Boaz High students to give input in Montgomery

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BOAZ, Ala. (WHNT) -- Boaz High School is wrapping up a semester that unveiled new resources available for its students.   Those efforts will allow three students to be heard in Montgomery.

Inside Boaz High School, you'll find a fully functional bank, a full professional level culinary school and restaurant, and a full medical wing. It's all part of the H3 academy, new to Boaz high school, but months in the making.

Some of the branches of the academy include health science, culinary and tourism, and business management.

"Our BELLA Academy is business education, leadership, law and liberal arts, and we have ESTEM and that is our environmental, science, technology, engineering and math," Boaz City Schools Superintendent Mark Isley says.

There is also a sports medicine pathway and a restaurant that serves food cooked in the culinary school.

The branches of the academy are hands on, and are in addition to regular classwork. "They will go through an orientation in their freshman year, and they will select a career pathway at the beginning of their sophomore year," Isley explains, "They will be in that career pathway for three years."

Dual enrollment is also an option. The school system was able to construct the academy using grants and community support.

Each of labs have adjacent classrooms.

The goal is to give students the opportunity to step into a career, have a chance to become certified in different fields, and prepare them for jobs available in Marshall County.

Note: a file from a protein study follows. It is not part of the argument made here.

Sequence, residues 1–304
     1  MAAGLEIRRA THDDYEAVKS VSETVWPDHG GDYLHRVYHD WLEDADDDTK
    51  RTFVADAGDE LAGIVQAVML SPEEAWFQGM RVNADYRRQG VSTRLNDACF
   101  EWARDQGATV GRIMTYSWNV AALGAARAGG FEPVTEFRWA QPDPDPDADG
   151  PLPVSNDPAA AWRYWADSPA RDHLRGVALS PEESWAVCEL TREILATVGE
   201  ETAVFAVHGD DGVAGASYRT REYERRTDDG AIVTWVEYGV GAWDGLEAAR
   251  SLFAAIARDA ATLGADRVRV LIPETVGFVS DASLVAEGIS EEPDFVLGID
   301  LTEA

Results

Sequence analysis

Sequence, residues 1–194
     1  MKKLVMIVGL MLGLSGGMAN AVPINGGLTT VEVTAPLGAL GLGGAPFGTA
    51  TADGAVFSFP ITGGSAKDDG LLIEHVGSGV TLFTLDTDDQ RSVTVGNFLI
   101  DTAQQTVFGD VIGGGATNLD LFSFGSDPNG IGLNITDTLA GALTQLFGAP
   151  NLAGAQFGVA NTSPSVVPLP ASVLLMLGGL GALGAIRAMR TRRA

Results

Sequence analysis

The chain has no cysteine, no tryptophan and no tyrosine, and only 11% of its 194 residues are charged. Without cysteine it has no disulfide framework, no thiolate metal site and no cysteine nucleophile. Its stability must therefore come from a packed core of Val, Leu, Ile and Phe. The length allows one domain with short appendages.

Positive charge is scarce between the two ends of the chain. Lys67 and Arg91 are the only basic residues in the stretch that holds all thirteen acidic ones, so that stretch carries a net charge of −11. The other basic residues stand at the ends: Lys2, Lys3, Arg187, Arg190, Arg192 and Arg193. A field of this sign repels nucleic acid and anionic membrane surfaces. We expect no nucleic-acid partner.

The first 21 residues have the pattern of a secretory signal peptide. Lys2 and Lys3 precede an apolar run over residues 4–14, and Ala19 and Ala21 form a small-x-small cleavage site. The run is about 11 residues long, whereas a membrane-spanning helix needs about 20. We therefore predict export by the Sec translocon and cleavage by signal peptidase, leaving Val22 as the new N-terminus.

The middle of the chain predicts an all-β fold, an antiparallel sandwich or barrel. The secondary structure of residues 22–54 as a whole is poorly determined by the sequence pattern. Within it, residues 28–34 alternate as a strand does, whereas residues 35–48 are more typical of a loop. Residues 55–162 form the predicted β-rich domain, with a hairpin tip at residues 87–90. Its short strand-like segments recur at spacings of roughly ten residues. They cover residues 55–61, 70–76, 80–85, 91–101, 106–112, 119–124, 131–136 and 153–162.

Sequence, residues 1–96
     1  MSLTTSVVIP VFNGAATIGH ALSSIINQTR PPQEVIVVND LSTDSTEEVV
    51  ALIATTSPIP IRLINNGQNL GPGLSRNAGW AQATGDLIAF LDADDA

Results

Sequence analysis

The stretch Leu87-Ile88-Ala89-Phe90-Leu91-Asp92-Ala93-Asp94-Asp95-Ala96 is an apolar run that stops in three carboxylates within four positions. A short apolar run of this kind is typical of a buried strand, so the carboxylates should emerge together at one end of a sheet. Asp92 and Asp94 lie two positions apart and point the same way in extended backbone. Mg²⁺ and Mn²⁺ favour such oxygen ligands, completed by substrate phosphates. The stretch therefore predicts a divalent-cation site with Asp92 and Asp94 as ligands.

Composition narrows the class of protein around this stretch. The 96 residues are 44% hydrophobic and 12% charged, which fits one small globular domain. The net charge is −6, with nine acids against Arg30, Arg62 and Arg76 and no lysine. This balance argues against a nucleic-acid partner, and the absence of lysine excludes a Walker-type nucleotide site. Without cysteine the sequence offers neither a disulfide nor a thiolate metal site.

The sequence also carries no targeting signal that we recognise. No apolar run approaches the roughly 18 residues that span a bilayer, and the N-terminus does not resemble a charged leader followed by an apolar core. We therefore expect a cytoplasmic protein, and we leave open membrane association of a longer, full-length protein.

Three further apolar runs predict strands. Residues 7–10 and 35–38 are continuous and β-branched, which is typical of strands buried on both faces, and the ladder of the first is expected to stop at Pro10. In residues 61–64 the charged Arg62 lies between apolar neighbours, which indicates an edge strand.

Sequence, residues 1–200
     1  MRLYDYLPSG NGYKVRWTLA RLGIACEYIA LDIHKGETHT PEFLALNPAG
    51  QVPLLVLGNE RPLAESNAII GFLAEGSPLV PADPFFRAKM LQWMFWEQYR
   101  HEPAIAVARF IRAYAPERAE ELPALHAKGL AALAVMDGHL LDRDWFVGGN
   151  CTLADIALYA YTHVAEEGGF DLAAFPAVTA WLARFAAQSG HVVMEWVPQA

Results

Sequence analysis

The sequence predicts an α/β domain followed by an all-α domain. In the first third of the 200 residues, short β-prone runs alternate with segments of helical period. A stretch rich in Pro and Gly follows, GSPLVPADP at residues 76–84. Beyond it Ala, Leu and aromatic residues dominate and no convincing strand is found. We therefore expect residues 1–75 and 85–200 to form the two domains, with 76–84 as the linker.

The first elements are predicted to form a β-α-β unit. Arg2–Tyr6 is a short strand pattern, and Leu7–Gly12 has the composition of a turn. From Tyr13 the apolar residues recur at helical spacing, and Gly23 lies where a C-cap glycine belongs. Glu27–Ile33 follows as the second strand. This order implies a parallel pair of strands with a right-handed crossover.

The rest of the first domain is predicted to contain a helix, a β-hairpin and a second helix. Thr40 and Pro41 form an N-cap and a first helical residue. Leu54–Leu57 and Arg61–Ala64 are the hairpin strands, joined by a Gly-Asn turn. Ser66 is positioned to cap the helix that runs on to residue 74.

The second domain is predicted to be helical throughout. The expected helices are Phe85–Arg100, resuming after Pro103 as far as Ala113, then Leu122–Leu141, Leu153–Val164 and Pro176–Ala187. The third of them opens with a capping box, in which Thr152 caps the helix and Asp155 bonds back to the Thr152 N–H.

A visit by state education officials to tour the new resource ended with three students being selected from three branches of the academy to take part in an Alabama Workforce Council strategic planning session. The visit took place several weeks ago and school officials say the students have been asked to return to Montgomery.

Lizeth Esquivel, Ty Kirkland and Emma Roberts are the students who will be returning to Montgomery to give their input at state level. "It's basically to develop a plan to see how we can improve our college and careers," Isley explains.

"This is a good way to go," Roberts says, "Academies will help, and if that student decides that they don't want to fulfill that career, well good. They found out early."

"The academies help you realize what you really want to do in life," Esquivel explains, "At the beginning, before I started the health science program, I wanted to be a lawyer, but then I started the academy and I know exactly what I want to be. I want to be a dentist."

School officials say the students input will provide feedback about futures across the board.